Eliezer prayed for favor.  He didn’t just get busy doing his Master’s whims.  The servant prayed and believed that he would be answered.  He knew his task was important and that it needed to be covered in prayer.  Our acts of kindness and compassion to others must be preceded with prayer.  Our willingness to serve should be coupled with prayers of success and blessing.  Eliezer took a chance to ask for confirmation from the actions of total strangers.  His prayers were answered exactly.

Eliezer, the servant, was served by others.  The actions of devotion by Eliezer were reciprocated when Rivkah saw the need and filled the need.  “Whoever can be trusted with very little can also be trusted with much, and whoever is dishonest with very little will also be dishonest with much,” Luke 16:10.  He was blessed for his servant hood and then Rivkah was blessed for her servant hood.  Rivkah served Eliezer without persuasion.  The process of service that Eliezer exemplified began again in Rivkah’s life.  Never in her wildest dreams could she have imagined that her simple act of fetching water would have led to marriage to Isaac.  Rivkah became a matriarch of Israel because of her willingness to care for others.

Finally, it is interesting to note that the Hebrew term for servant “eved” is spelled ayin – vet – dalet.  There is only a one letter difference between “servant” and the term “Hebrew.”  The word “Hebrew” means “an overcomer” and is spelled ayin – vet – reish.  The letters reish and dalet look very much alike, so it is possible to see the word play.  A true Hebrew is a servant.  Abraham was called a Hebrew or “Ivrit” in Genesis 14:13.  His family has followed suit in standing out in the world through service to others.  A true “ivrit” will serve, or love YHWH and other people.

Portion Points to Ponder

  1. What does the Hebrew name of this Torah portion mean?
  2. The portion recounts the death of Sarah and not her life.  Why was it named such?
  3. Read the Haftarah portion of 1 Kings 1:1-31.  How does this relate to this week’s Torah portion?
  4. Read the Newer Testament sections of Matthew 1:1-17.  Why were these passages chosen to correspond to this week’s reading?  What did you learn from these words?
  5. How old was Sarah when she died?  What is this number symbolic of?  How does this number relate to Queen Esther?
  6. Where was Sarah buried?  Where is this today? 
  7. Why did Abraham insist on paying for Sarah’s burial ground when he could have received it for free?
  8. Efron charged Abraham 400 shekels for the land and burial cave.  Was this a fair price?  What did this high price reveal about Efron?
  9. Abraham sent a servant to find a bride for his son.  Genesis 24 states that this servant “placed his hand under Abraham’s thigh” as he took an oath to accomplish his task.  What does this strange custom mean?
  10.  Gen 15:2 show’s that Abraham’s servant was named “Eliezer of Damascus.”  The name “Eliezer” means “mighty, divine helper or El’s helper.”  How did this name describe his actions?
  11. Abraham’s servant, Eliezer, had to swear that he would NOT find a wife for Isaac from the Canaanites.  Why?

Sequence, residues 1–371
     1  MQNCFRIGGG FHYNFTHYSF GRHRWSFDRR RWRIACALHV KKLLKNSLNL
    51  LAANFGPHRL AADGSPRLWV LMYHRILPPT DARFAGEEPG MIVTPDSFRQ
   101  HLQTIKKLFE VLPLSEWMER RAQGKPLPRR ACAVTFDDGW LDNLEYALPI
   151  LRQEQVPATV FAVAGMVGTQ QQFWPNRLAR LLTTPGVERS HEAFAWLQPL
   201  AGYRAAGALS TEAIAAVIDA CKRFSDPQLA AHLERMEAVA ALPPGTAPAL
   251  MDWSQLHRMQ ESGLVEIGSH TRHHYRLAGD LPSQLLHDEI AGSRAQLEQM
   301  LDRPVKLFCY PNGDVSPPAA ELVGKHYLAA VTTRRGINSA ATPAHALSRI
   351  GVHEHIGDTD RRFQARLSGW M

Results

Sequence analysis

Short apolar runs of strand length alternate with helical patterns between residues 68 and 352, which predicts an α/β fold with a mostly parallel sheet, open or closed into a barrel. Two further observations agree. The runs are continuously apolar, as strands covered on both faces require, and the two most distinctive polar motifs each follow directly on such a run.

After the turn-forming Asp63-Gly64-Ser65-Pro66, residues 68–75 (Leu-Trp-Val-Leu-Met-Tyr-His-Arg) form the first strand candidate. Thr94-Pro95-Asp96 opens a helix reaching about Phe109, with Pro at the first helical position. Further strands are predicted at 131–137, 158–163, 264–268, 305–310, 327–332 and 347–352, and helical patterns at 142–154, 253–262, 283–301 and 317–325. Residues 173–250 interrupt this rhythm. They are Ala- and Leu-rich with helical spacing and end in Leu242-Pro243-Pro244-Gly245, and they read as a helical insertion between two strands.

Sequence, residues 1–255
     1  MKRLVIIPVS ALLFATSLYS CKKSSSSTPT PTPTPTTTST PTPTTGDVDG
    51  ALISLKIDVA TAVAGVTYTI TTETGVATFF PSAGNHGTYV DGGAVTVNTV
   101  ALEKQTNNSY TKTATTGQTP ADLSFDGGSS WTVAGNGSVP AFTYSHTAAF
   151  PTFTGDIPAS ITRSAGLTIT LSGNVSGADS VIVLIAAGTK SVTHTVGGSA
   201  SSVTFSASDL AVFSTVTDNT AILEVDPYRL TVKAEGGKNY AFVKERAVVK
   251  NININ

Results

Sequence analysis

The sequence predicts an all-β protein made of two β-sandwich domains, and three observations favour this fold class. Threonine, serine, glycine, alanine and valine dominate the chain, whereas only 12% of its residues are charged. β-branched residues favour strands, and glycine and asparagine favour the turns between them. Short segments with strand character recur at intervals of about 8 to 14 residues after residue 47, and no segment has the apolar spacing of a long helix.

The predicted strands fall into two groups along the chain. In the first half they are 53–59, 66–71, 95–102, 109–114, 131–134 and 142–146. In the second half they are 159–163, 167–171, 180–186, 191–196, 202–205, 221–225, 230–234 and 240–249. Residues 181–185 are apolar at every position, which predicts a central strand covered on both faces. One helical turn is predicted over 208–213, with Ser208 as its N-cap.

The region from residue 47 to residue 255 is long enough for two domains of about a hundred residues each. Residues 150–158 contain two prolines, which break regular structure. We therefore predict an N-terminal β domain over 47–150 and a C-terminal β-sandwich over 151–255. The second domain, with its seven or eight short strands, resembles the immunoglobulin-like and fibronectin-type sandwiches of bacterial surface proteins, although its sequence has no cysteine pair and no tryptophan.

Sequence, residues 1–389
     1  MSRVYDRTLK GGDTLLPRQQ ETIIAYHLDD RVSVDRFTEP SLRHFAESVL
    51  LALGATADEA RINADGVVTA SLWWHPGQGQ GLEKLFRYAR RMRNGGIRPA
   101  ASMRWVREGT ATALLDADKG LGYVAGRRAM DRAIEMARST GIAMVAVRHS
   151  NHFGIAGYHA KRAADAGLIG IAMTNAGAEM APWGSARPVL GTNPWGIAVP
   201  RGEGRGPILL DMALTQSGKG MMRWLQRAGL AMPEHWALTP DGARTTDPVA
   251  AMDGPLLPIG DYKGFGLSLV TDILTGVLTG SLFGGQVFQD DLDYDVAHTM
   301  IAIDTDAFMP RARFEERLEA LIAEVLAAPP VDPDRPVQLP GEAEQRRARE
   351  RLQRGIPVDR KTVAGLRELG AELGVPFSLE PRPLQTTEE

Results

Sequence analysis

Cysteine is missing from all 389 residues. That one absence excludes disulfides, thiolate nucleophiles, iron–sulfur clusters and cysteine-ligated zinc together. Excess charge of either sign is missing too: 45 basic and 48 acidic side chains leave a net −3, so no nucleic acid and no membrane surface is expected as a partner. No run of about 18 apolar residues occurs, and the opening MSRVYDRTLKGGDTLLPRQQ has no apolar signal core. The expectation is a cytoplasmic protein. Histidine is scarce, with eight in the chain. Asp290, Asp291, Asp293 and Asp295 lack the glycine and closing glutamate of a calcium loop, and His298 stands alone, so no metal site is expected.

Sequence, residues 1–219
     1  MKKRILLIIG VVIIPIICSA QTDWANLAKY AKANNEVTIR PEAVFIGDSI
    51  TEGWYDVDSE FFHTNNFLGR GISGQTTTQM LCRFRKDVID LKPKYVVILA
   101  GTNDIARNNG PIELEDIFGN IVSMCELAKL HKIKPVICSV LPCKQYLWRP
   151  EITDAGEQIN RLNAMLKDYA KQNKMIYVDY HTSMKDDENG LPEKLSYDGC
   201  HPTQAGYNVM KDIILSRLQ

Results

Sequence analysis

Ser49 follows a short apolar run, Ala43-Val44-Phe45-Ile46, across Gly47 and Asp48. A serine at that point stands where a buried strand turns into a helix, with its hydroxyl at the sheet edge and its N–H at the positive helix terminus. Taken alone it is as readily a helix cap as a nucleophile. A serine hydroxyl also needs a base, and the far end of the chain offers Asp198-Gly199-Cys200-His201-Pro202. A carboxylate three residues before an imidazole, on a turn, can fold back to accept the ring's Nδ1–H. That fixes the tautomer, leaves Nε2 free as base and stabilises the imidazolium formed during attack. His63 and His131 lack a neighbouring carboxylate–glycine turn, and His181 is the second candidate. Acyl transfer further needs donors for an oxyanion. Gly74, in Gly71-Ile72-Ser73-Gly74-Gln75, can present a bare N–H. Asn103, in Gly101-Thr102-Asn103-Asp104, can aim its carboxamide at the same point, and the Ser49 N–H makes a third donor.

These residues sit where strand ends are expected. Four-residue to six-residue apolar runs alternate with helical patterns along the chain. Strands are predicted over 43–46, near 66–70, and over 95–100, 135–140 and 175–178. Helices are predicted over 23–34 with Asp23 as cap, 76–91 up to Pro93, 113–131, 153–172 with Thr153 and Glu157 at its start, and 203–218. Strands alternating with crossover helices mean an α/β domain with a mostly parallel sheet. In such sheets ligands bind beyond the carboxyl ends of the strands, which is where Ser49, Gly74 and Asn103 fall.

12.  Yitzchak’s / Isaac’s wife was to come from his father’s family.  Why?
  13.  How many camels did Abraham’s servant have?   Why is this number important?
  14.  Eliezer placed a type of “fleece” before YHWH concerning the bride of Isaac.   This was also done by Gideon in Judges 6:36-40.  Is such prayer necessary or acceptable today?
  15. Does a prayer fleece take faith or is such used in place of faith?
  16.  How does the fleece prayer compare to Ephesians 5:17, “Wherefore be ye not unwise, but understanding what the will of YHWH.”
  17.  The woman who draws the water for Eliezer is named “Rivkah” in Hebrew.  What does this moniker mean?
  18. Rivkah fed the camels countless gallons of water.  What does such an action say about Rivkah’s attitude and spirit?
  19. Where Rivkah and Isaac related?  How?
  20. Who was Rivkah’s brother?
  21. The servant Eliezer refused to eat with his host family until he had recounted the miracle of answered prayer that he experienced.   Do you regularly share the testimony of answered prayer with others?
  22. When told of Eliezer’s actions and the proposal of Rivkah’s marriage, Laban refrained from making his own comments.  He said, “This is from YHWH; we can say nothing to you one way or the other.”  How could using such a response today glorify YHWH?  Is this statement repeated throughout the Scriptures in one form or another?
  23.  Was Rivkah willing to go with Eliezer immediately or did she want to stay with her family?
  24.  As the bridal caravan approaches the homeland, Isaac is out “meditating in the field.”  He lifted up his eyes and saw the camels approaching.  What is Biblical meditation?  What does the Scriptures teach about this practice?
  25. Rivkah took a veil and covered herself before meeting Isaac.  How is this tradition continued today in Christian and Jewish weddings?
  26. Where did Isaac and Rivkah consummate their marriage?
  27. The Torah says that after Isaac took a wife, that he was comforted from the death of his mother Sarah.  How does this relate to Genesis 2:24 which states that “a man shall leave his father and mother and cleave to his wife?”
  28. Abraham took another wife after the death of Sarah.  This new wife bore Abraham more descendants.  Where these the children of promise?
  29. Genesis 25:1 and 1 Chronicles 1:32 seem contradictory as they speak of Keturah.  One text calls her Abraham’s “wife,” while the other says she was “Abraham’s concubine.”  Which is correct?  Are the terms interchangeable?  Also consider Jacob’s relationship with Bilhah in Genesis 29:29 and 35:22.
  30. How old was Abraham when he died?  Where was he buried?  Who buried Abraham?
  31. What did you learn from this Torah portion?  How can you apply this portion to your life and faith?  Who can you share the message of this portion with this week?

The Open Bible is a teaching series written by Daniel Rendelman of Emet Ministries.  Find more teachings, audio messages, videos, and music at  Daniel Rendelman is the found and leader of Emet Ministries and the author of the book “Finding the Truth.”  He, his wife, and five children live in Newberry, South Carolina.  He can be reached at